Commission Approves Downtown Animal Shelter

Despite concerns about barking dogs, crushing cans, Humane Society's 61-kennel facility on McLane wins use permit

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A jubilant band of Humane Society dog lovers won planning commission approval for a new 17,487-square-foot, 61-kennel facility on McLane Road, just off the Main Street commercial and tourist district.

The 2.5-acre site -- adjacent to the existing shelter in the heart of the Main Street business district bordered by a planned luxury condominium project -- will include a large, concrete-block, sound-proofed kennel, a series of dog runs and even space for the Humane Society's can crushing operation.

The Humane Society won unanimous approval from the planning commission for its conditional use permit, despite some concerns expressed by neighboring property owners about the potential impact of barking dogs and whether enough neighbors within earshot knew of the plans.

Generally, the planning commissioners praised the Humane Society's efforts to soundproof the main kennel building, restrict the number of dogs that will be outside in the exercise yard and limit the hours of operation of the can crusher, which currently operates on the property as part of the group's recycling fund raising efforts.

Hallie Jackman, whose adjacent development will include about 160 condos in the $300,000 to $600,000 price range, asked the commission to move the kennels and outdoor runs as far from the proposed adjacent homes as possible. She predicted that residents will end up calling the police department frequently to complain about the sound of the animals.

"It just isn't a good situation for the police department," she said.

"Police are just going to tell them them that it's a dog pound -- that's where we put the dogs," said Commissioner Russell Goddard. "It's an unusual situation putting the dogs right next to where people are going to be living."

Humane Society Director Ellie Watson said the concrete block construction with extra grouting will prevent the sound of the dogs from escaping into the neighborhood. Volunteers will exercise dogs five or six at a time in the outdoor areas, with special handling for dogs that bark. Currently, the kennels aren't sound proofed and 10 or 15 dogs are out in the exercise area at any one time.

"You won't hear the dogs inside at all," she said. "And we'll only have three or four at a time in the exercise yard -- and any of the dogs with a tendency to bark will be walked on a leash. We don't want to hear the dogs barking outside either -- we'll have enough of that inside."

Planning Commissioner Jere Jarell wondered whether it makes sense to put the pound just off the main business district next to a luxury development.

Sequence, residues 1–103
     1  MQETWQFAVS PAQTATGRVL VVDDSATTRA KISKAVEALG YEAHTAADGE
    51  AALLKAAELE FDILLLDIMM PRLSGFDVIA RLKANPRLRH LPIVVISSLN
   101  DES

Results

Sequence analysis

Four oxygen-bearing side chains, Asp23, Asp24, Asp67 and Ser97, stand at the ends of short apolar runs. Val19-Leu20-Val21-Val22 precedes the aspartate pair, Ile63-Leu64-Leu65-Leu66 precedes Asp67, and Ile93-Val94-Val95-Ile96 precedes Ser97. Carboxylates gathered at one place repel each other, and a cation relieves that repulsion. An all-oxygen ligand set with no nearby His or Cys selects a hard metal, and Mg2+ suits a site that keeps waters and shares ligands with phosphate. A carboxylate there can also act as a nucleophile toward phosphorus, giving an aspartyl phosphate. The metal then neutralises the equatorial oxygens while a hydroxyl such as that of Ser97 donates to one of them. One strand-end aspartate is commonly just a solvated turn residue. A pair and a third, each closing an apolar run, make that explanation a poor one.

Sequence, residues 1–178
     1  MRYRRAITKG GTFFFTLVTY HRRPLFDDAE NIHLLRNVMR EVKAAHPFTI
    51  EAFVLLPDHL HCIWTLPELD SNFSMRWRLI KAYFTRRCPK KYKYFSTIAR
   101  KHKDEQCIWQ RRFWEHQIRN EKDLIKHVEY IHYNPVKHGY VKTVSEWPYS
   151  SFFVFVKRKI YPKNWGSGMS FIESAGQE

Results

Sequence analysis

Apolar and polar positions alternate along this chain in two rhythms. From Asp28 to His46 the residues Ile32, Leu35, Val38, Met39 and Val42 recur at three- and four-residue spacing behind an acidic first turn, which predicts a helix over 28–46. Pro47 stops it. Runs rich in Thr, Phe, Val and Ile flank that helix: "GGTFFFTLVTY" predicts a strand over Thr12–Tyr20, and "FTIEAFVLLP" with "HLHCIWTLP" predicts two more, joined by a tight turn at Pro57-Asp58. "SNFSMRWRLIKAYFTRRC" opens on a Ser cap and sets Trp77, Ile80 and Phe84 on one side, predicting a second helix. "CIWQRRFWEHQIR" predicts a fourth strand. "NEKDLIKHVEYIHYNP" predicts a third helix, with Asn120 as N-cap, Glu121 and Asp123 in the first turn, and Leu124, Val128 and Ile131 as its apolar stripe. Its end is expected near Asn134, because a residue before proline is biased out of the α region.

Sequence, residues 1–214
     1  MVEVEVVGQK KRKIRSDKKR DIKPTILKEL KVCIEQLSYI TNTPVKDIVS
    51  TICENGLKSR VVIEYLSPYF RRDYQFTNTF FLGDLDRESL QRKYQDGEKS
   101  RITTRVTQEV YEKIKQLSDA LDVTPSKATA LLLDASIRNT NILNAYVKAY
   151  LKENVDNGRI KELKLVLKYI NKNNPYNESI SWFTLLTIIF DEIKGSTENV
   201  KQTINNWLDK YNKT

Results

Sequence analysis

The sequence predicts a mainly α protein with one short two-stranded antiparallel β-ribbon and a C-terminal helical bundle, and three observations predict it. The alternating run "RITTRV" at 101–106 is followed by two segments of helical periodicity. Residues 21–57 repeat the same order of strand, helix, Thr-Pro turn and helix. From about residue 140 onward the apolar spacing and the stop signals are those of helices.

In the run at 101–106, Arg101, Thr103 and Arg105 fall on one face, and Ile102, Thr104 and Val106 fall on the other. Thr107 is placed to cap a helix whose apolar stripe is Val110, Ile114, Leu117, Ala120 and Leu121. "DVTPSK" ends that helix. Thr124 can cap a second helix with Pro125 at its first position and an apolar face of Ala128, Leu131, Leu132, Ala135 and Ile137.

"Is this the highest and best use of this property?" he asked, although he acknowledged that the planning commission really didn't have the authority to make that decision.

"This property was purchased by a previous board," said Watson. "But now this is a make or break situation. Our (existing) facility is crumbling. Whether it is right or wrong, we must build our shelter there."

She said the architect who designed the building has done 700 such shelters, many in the middle of residential neighborhoods. She said she'd toured many of those facilities and "yes, it works," even right next door to houses.

With that, most of the discussion before the commission centered on the noise the can crusher might make and the plan to build an eight-foot-high block wall between the animal shelter and Jackman's condo development.

The Humane Society decided to build the wall to block some of the sound drifting over to the adjacent property, although as one commissioner observed you can hear a dog bark from a block away.

As it turns out, Jackman will be building a three-foot-high retaining wall on the edge of her property -- right up against the eight-foot-tall wall on the Humane Society's property.

Several commissioners suggested the two property owners cooperate to build a single wall, but didn't include such a stipulation in the requirements.

They also spent some time talking about the aluminum can crusher that currently operates on the property, but which will be at least partially enclosed under the new plan.

"It is very noisy, but it's out in the open now," said Watson, noting that the enclosure should at least reduce the noise level.

Planning Commissioner Gary Bedsworth objected to approving the project without a noise study. But when he learned that the can crusher has been operating for several years without generating a single complaint, he withdrew his objection.

Jackman said of the can crusher, "it is very loud. Everyone in the neighborhood is expecting it was going to go away soon -- which is why no one complained. But it is very loud."

In the end, the planning commission noted that the town has no noise ordinance that would enable it to regulate the amount of noise the shelter produced. Watson agreed to a condition that would limit use of the can crusher to business hours.

"I love the project," Bedsworth concluded.

"I'm not sure whose decision it was to involve the builder at the design stage, but it was a good one," said Commissioner Joel Mona.

"I salute you on being so persistent," he said of a planning process that has stretched several years.

In the end, the commission voted 7-0 to approve the use permit -- which provoked a spontaneous cheer, much high-fiving and more than a few hugs among the 25 people who had crowded the council chamber to lend their support.

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